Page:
Aphtonios, wrote in Greek an elegy on the Najranite martyrs and their chief, Harith. Bishop Sergius of Rosapha, the head of the embassy, wrot« also a very detailed account of the same events in Greek. Even in the Koran (Surah Ixxxv) the event is men- tioned, and is universally alluded to by all subsequent Arab, Nestorian, Jacobite, and Occidental historians and writers.
The news of the massacre weighed hea^nly on Elesbaan, King of Abyssinia, who is said to have now become a very fervent Christian. He determined to take revenge on Dhu Nuwas, to avenge the mas- sacre of the Christian Najranites, and to punish the Yemenite Jews. Accordingly, at the head of seventy thousand men and a powerful flotilla, he descended upon Himyar, invaded Yemen, and with relentless fury massacred thousands of Jews. Dhu Nuwas, after a brave fight, was defeated and slain, and his whole army routed. The whole fertile land was once more a scene of bloodshed and devastation. The churches built before the days of Dhu Nuwas •were again rebuilt on the sites of their ruins, and new bishops and priests were appointed in the place of the martyrs. An Abyssinian general, Esimephffius, ■was appointed King of Himyar, and during his reign a certain Dhu Giadan, of the family of Dhu Nuwas, attempted to raise the standard of revolt, but was defeated. A few years later the Himyarites, under the leadership of Abramos, or Abraha, a Christian Abyssinian, revolted against Esimephaeus, and in order to put down the revolution the King of Abys- sinia sent an army under the command of one of his relatives, Arethas, or Aryat. The latter was slain, however, by his own soldiers who joined the party of Abramos. A second Abyssinian army took the field, but was cut to pieces and destroyed. Abramos became King of Himyar, and from Procopius we know that he, after the death of Elesbaan, made peace with the Emperor of Abyssinia and acknowl- edged his sovereignty.
During the reign of Abramos Christianity in South Arabia enjoyed great peace and prosperity. " Pajing tribute only to the Abyssinian crown, and at peace with all the Arab tribes, Abraha was loved for liis justice and moderation by all his sub- jects and idolized by the Christians for his burning zeal in their religion. " Large numbers of Jews were baptized who were said to have been converted to Christianity by a public dispute between them and St. Gregentius, the Arabian Bishop of Dhafar. In this dispute the Jews were represented by Herban, one of their most learned rabbis, and Christ is said to have appeared in Heaven. Many idolaters sought admis- sion to the Church; new schemes of benevolence were inaugurated, and the foundations w'ere being laid for a magnificent catliedral at Sanaa, where is said to have existed a picture of the Madonna, afterwards moved by the Quraishites and placed in the Caaba, at Mecca (Margoliouth, op. cit., 42).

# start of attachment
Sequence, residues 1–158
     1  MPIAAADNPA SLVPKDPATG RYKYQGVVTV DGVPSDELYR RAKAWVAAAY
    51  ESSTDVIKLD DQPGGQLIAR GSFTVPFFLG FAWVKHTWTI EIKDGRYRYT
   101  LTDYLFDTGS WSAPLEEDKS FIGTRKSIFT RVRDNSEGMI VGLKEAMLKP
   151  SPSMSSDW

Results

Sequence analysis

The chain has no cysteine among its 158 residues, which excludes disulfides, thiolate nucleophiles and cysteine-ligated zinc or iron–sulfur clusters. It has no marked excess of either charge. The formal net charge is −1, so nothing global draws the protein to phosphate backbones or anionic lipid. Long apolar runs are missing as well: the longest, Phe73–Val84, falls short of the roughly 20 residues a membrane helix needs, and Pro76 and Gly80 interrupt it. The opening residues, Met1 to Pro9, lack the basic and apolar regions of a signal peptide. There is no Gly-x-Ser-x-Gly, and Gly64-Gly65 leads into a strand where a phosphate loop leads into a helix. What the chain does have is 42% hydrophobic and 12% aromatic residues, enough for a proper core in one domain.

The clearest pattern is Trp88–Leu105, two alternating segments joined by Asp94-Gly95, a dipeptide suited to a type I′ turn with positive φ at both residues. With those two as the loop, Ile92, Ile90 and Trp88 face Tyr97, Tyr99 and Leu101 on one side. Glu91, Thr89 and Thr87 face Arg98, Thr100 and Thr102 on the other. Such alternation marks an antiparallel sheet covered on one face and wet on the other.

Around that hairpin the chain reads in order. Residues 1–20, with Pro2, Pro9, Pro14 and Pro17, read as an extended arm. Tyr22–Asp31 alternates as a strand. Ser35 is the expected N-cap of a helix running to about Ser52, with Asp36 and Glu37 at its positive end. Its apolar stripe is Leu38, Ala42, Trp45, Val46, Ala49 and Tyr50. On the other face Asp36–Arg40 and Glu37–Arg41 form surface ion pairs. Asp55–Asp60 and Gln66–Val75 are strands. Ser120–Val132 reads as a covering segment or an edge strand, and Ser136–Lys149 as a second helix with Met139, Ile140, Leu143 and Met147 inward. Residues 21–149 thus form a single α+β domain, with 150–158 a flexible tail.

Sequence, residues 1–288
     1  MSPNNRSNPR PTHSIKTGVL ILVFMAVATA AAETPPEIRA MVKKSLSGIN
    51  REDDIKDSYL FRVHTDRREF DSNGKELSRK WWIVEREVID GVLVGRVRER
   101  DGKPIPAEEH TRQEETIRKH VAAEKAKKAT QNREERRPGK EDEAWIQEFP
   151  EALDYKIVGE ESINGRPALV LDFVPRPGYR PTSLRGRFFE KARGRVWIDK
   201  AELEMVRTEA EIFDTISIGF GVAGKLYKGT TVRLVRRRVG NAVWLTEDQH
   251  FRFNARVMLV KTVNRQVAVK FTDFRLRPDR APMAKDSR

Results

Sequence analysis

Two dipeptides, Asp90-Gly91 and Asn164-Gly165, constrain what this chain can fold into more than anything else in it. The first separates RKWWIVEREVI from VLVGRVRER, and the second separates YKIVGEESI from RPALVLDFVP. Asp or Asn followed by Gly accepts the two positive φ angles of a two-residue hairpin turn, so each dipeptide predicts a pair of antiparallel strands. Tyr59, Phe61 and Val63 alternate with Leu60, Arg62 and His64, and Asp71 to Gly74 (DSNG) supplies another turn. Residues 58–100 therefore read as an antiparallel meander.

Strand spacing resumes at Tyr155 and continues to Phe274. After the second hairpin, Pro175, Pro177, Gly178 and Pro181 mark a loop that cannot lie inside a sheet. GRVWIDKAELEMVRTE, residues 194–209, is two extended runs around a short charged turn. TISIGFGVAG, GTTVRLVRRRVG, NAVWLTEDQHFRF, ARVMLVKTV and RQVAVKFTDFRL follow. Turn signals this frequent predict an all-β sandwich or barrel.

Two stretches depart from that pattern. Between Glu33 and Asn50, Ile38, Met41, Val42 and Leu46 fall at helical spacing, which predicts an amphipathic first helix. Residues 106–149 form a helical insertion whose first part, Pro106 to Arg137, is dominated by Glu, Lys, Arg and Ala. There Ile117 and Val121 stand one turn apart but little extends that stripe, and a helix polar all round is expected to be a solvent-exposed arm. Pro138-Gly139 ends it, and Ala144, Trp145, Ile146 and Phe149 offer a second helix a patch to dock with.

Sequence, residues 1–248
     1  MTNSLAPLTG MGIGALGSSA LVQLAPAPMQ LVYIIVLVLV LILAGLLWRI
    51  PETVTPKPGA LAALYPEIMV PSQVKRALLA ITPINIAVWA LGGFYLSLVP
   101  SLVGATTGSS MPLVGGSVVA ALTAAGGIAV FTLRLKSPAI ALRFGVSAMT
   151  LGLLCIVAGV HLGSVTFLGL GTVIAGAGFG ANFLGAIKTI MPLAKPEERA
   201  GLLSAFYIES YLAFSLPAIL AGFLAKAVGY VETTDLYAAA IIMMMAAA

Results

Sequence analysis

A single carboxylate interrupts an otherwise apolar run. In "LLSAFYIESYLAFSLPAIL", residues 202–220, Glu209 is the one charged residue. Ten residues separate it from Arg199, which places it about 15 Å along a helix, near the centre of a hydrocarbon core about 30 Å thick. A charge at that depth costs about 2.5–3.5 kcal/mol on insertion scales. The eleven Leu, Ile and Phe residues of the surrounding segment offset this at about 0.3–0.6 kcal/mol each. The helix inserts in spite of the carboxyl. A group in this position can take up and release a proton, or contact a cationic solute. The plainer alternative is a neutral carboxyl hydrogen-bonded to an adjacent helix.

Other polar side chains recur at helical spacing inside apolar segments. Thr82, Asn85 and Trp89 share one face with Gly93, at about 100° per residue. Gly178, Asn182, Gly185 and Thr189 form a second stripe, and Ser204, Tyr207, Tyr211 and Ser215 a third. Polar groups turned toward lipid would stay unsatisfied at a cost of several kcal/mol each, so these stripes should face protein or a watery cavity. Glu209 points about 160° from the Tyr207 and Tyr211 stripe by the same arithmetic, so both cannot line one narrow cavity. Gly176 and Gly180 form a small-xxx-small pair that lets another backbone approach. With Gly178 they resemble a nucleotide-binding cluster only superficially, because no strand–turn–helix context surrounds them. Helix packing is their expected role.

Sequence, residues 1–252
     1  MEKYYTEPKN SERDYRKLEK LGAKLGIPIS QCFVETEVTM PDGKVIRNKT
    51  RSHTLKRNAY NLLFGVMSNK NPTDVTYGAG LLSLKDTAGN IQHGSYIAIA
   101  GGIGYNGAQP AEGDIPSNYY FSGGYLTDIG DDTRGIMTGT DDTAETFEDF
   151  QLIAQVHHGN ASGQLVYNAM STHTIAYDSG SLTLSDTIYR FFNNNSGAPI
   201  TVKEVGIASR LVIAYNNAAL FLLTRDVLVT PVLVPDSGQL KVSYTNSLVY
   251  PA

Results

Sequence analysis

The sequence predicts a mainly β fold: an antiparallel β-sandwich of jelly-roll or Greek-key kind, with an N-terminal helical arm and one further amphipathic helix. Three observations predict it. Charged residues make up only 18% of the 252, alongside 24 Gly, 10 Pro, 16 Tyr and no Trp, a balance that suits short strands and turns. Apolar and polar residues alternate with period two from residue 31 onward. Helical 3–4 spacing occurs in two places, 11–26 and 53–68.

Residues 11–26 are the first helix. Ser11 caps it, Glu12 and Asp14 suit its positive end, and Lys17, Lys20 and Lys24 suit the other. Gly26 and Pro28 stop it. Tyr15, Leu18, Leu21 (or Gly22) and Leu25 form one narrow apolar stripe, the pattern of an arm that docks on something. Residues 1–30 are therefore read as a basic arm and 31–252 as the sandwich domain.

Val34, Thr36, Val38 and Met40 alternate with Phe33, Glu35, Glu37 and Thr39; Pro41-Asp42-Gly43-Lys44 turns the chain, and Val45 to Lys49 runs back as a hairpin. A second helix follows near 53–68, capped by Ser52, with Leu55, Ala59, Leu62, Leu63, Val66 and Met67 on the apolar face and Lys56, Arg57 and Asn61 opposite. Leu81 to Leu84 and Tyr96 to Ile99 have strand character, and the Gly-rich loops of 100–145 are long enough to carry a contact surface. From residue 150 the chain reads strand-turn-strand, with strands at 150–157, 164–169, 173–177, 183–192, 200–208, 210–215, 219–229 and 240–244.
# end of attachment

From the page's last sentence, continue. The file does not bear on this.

In short, South-Arabian Christianity, during the reign of Abramos, i. c. in the first half of the sixth centurj', "seemed on the eve of its Golden Age" (Zwemer, Arabia, the Cradle of Islam, 308). The king is also said to have framed, with the assistance of Bishop Gregentius, his great friend, admirer, and counsellor, a code of laws for the people of Him- yar, still extant in Greek, and divided in twenty-three sections. The authenticity of this code, however, is doubled by many, as it is more a.scetic and monas- tic in character than social. The whole career, in fact, of St. Gregentius and his relations with Elesbaan, Abramos, and Herban are interwoven with legend (l)uclicsne, op. cit., 334-330). In 550, Abramos's glorious reign came to a disastrous end. According to Arab historians, the event took place in 570, the year of Moliamnied's birtli; but, as Niildeke has ehown, this is simply an ingenious arrangement in